Your heater will have a serial number assigned to it made of both numbers and letters. Let's say your heater's serial number is B159730227. The letter "B" will correspond with the month of February.
Water heater lettering ranges from A to L - January to December. The number after B, 15, represents the year. So this water heater was manufactured in February of 2015.
Note that all manufacturers don't follow this rule. Call whoever built your water heater to ensure that this is how to tell your heating unit's age accurately.
8 to 12 years is a general estimate of how long your water heater should last. There are plenty of factors that can lower or increase that estimate, though.
Hard water can take up to two years off a heating unit's lifespan. The minerals inside hard water can cause the sediment build-up we spoke of earlier and may damage your tank.
Water softeners can mitigate this issue. The softeners remove the minerals before the liquid reaches your heater.
You may not have known this, but electrical water heaters tend to last longer than their gas-powered counterparts. The average gas heater has about two years less life expectancy than an electric one.
Installing water heaters in colder areas of the home, like crawl spaces, can create more work for the unit. The more a machine has to work, the faster it'll break down because it's always working at an increased capacity.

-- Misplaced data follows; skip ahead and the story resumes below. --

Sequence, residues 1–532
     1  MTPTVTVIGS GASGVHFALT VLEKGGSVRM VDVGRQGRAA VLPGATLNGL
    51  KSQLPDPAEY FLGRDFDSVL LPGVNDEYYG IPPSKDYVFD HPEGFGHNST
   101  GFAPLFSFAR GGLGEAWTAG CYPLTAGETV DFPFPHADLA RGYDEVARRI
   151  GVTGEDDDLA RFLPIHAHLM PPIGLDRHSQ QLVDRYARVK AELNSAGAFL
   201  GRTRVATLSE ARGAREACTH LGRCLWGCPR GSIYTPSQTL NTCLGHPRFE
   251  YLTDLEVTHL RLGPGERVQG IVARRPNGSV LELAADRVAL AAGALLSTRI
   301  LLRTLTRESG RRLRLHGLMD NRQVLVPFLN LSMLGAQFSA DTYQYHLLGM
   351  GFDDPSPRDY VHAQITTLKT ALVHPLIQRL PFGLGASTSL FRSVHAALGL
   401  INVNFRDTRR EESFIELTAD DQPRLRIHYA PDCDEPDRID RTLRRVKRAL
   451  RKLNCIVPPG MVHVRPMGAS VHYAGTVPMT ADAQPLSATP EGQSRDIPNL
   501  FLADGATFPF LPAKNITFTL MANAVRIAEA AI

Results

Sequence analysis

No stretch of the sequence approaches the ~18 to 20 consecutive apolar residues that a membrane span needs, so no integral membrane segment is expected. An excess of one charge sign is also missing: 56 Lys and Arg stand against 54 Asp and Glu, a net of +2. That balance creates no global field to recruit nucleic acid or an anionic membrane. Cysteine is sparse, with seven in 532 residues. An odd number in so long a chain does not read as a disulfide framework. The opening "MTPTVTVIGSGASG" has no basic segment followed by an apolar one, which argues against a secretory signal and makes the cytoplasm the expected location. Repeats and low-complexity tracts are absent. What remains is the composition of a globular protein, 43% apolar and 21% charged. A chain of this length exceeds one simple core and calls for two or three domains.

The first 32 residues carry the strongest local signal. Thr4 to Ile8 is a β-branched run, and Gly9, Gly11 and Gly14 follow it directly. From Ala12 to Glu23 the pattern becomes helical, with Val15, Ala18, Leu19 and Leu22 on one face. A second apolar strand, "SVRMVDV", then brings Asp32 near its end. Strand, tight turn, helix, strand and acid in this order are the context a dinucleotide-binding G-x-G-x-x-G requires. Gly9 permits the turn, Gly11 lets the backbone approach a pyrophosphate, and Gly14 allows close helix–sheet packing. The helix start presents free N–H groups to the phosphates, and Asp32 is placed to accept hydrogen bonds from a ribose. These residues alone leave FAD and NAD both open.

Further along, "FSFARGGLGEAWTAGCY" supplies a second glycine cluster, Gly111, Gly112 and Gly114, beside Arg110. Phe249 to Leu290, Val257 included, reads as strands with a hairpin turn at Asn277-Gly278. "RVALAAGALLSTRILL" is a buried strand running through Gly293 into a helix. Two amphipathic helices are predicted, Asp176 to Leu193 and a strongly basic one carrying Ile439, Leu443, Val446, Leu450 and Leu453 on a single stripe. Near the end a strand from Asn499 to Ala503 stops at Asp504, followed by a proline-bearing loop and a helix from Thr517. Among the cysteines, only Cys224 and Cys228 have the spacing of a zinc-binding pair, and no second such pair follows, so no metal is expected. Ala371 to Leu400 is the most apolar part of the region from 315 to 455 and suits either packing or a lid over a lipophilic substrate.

Steel heaters are especially prone to rust and damage. Opting for a fiberglass tank may mean the difference between getting more mileage from your water heating unit or it quickly breaking down.
Once your water heater is ten years old, it becomes more apparent whenever it's suffering some malfunction. Because of this, it's often recommended to get a replacement after a decade.
Like we said earlier, though, water heaters can last up to 15+ years. Consult with a plumber and have your heater regularly checked if you want to be sure whether you need a replacement unit.
Leaking water heaters are not only inconvenient, but they can be an outright hazard to your home and health. We've already talked about what kind of leaks can happen and if you can repair them yourself.
Now we're going to discuss what problems a leaky hot water heater can cause for you and your home. We're also going to examine when you should call a plumber or a restoration service for help.
When people hear water damage, they mostly think of structural issues. Many of you reading this may have had thoughts of rotting wooden supports and crumbling soggy drywall.
While it's true that enough water damage can begin collapsing your home around you, there's also the issue of mold.
Mold can also harm you. You may experience skin rashes and shortness of breath. Headaches, sore throat, sinusitis, and worsening lung conditions are common side effects from breathing in mold spores.
While on the subject of mold and water, we would like to clarify that the mold fungus itself doesn't damage the wood. The water leaking from the water heater is what does the damage.
Water makes wood fibers swell, shift, and eventually weaken if exposed too long. As for the drywall, the material can absorb water, but it's not built to contain it. The water eventually causes mold to grow.